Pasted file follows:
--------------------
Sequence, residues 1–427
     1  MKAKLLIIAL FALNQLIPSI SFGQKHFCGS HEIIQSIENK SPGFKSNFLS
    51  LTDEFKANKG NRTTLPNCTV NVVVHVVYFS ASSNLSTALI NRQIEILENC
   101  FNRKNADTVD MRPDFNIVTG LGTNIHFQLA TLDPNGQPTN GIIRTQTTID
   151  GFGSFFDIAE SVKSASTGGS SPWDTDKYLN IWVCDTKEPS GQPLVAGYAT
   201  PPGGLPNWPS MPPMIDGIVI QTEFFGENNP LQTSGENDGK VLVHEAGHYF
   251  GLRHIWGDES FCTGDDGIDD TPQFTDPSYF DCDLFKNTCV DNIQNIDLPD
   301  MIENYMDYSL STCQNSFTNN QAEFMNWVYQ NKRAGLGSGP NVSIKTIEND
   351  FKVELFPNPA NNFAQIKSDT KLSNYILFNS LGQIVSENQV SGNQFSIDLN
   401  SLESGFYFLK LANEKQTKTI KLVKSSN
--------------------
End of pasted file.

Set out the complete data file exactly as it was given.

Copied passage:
Sequence, residues 1–427
     1  MKAKLLIIAL FALNQLIPSI SFGQKHFCGS HEIIQSIENK SPGFKSNFLS
    51  LTDEFKANKG NRTTLPNCTV NVVVHVVYFS ASSNLSTALI NRQIEILENC
   101  FNRKNADTVD MRPDFNIVTG LGTNIHFQLA TLDPNGQPTN GIIRTQTTID
   151  GFGSFFDIAE SVKSASTGGS SPWDTDKYLN IWVCDTKEPS GQPLVAGYAT
   201  PPGGLPNWPS MPPMIDGIVI QTEFFGENNP LQTSGENDGK VLVHEAGHYF
   251  GLRHIWGDES FCTGDDGIDD TPQFTDPSYF DCDLFKNTCV DNIQNIDLPD
   301  MIENYMDYSL STCQNSFTNN QAEFMNWVYQ NKRAGLGSGP NVSIKTIEND
   351  FKVELFPNPA NNFAQIKSDT KLSNYILFNS LGQIVSENQV SGNQFSIDLN
   401  SLESGFYFLK LANEKQTKTI KLVKSSN